The Presidents Club has made the decision to shut down, per Bloomberg's Joe Mayes, after the Financial Times posted a bombshell report yesterday about the London organization's annual Charity Dinner, a men-only event that raised money via auction for causes like the United Kingdom's preeminent children's hospital. But the FT detailed how the dinner's hostesses were encouraged to drink on the job and faced sexual harassment, groping, and propositioning from some of the U.K.'s wealthiest men — all for a night's wage of £150.

The prior fallout: The U.K.'s Charity Commission announced a probe into the dinner as the head of the trust behind the dinner stepped down from a role with the government's Department of Education. The Bank of England revoked its auction lot of a tea with its head, Mark Carney, while Great Ormond Street Hospital and the Evelina London Children’s Hospital said that they'd return all donations received from the dinner.

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56 mins ago - Technology

Congress' next moves to rein in Big Tech

Illustration: Eniola Odetunde/Axios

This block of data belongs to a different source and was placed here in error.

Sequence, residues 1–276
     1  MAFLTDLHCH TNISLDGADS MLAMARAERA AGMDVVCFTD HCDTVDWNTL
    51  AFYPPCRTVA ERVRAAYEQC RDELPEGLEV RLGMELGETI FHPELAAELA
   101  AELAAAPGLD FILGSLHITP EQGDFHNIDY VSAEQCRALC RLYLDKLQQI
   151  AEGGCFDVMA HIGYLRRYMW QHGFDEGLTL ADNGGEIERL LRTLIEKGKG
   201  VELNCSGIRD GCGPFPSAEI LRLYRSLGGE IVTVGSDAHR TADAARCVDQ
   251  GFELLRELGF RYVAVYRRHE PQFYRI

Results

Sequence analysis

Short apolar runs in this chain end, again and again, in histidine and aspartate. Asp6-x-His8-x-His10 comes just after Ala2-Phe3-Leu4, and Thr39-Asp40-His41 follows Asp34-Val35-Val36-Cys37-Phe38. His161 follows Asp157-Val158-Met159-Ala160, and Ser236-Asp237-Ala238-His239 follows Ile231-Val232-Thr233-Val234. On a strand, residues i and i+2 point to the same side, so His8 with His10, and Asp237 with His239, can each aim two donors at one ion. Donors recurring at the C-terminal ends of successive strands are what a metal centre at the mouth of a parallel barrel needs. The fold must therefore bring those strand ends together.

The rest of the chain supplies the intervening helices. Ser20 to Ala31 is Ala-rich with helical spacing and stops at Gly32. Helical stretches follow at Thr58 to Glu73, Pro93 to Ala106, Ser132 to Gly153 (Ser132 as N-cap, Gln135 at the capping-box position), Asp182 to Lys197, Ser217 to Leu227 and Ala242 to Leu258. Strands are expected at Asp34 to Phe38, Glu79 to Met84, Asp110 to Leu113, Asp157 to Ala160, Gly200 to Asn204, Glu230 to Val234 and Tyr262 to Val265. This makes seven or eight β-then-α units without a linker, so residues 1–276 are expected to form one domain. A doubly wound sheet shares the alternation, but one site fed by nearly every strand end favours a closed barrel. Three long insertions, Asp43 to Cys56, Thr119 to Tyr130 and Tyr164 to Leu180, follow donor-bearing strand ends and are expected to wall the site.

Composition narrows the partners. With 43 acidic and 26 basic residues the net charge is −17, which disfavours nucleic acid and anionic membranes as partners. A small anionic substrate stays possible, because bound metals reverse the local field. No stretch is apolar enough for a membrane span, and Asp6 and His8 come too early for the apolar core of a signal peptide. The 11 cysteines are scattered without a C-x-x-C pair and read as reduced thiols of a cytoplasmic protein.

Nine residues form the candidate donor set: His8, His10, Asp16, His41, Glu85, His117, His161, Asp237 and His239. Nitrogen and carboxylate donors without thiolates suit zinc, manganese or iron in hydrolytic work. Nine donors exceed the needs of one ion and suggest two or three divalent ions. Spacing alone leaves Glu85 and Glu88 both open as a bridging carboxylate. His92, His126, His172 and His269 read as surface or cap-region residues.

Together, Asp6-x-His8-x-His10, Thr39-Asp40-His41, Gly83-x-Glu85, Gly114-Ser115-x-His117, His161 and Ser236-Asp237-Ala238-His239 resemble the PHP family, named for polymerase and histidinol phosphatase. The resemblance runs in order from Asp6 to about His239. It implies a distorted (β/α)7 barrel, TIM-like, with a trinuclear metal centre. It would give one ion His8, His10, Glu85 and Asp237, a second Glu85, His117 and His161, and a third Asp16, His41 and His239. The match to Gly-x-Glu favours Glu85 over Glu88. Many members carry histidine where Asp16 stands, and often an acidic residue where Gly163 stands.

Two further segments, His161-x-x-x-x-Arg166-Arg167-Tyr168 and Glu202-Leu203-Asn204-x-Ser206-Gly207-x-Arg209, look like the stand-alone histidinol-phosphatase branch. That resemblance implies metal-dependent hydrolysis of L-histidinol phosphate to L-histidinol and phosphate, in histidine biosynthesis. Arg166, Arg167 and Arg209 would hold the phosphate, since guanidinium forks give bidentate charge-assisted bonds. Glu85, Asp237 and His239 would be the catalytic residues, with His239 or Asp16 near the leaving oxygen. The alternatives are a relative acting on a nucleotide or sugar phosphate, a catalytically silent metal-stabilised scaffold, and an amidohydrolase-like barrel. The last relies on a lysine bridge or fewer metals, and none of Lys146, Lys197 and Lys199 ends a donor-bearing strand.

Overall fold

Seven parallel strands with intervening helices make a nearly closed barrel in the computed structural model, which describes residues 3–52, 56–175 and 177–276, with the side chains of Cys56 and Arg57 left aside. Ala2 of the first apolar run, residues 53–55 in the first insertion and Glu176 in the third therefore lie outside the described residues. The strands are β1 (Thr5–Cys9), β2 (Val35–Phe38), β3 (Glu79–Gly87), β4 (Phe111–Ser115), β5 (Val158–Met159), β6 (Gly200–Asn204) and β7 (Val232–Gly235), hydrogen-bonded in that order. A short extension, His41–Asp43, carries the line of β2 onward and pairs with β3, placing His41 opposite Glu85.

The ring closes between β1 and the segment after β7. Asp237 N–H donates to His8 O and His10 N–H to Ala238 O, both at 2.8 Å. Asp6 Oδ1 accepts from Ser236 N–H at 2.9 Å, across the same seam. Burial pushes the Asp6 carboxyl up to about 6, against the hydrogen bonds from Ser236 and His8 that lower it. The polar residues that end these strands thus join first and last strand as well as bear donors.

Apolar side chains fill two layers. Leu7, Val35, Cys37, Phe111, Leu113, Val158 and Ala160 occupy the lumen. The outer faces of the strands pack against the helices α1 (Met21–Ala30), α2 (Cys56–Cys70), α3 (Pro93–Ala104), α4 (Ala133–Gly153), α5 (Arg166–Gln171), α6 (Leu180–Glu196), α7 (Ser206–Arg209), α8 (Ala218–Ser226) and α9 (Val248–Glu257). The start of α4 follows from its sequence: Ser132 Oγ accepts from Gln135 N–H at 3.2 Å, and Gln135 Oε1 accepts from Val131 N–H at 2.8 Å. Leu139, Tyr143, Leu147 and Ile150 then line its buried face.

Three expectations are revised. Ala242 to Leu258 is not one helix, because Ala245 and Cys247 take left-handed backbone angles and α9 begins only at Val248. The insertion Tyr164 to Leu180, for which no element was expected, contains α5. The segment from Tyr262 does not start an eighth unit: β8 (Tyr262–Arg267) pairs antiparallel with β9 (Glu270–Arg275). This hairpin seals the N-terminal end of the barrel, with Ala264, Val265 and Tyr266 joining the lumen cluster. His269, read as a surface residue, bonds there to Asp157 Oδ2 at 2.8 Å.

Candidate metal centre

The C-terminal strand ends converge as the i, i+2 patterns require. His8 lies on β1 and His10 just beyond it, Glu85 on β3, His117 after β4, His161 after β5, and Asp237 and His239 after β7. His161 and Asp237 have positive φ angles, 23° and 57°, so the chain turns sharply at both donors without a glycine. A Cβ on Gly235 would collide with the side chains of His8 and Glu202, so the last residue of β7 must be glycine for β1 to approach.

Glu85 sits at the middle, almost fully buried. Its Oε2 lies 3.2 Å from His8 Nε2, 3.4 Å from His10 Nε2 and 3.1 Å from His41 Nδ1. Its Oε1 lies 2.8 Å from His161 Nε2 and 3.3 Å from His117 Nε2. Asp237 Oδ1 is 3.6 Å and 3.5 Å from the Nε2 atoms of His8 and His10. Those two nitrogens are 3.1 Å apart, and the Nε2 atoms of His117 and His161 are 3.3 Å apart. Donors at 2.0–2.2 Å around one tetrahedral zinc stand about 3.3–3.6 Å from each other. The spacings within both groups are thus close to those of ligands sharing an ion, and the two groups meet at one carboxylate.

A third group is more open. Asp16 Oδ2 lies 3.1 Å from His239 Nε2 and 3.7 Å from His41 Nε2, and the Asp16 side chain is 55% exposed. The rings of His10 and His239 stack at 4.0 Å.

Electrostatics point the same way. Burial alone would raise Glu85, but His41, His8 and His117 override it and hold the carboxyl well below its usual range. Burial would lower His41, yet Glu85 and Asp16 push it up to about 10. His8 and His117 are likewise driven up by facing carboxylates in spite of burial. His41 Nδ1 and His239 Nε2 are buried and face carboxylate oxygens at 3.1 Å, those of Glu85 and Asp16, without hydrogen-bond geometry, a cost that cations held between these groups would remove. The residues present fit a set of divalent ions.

After grilling the CEOs of Amazon, Facebook, Google and Apple last week, members of Congress are grappling with whether to accuse any of the firms of illegal anticompetitive behavior, to propose updating federal antitrust laws — or both.

The big picture: Congress is just one arm of government making the case against these companies. Google is expected to be the first of the firms to face possible antitrust litigation from the Justice Department before summer's end, but all four face a full-court press of investigations by DOJ, the Federal Trade Commission and state attorneys general.

Fauci: Coronavirus task force to examine aerosolized spread

A sneeze. Photo: Maartje van Caspel/Getty Images

The White House coronavirus task force will examine more closely just how much SARS-CoV-2 might be transmitted via aerosols, and not just from droplets, NIAID director Anthony Fauci said Wednesday at an online forum sponsored by Harvard T.H. Chan School of Public Health.

Why it matters: The longer the coronavirus can remain infectious in the air, the more likely it can infect people, particularly indoors — leading to the possible need to alter air filtration and circulation within buildings.

The next wave to hit Main Street

Illustration: Eniola Odetunde/Axios

Call it the great retail wash. A wave of defaults, bankruptcies and evictions expected in cities across the U.S. is poised to remake the retail landscape across the country, but there may be some upside for consumers and small businesses.

Why it matters: Rather than an overnight descent into a collection of urban wastelands full of Starbucks, Amazon fulfillment centers, Chase bank branches and nothing else, the coronavirus pandemic and resulting retail apocalypse may just mean that, in major U.S. cities, less is more.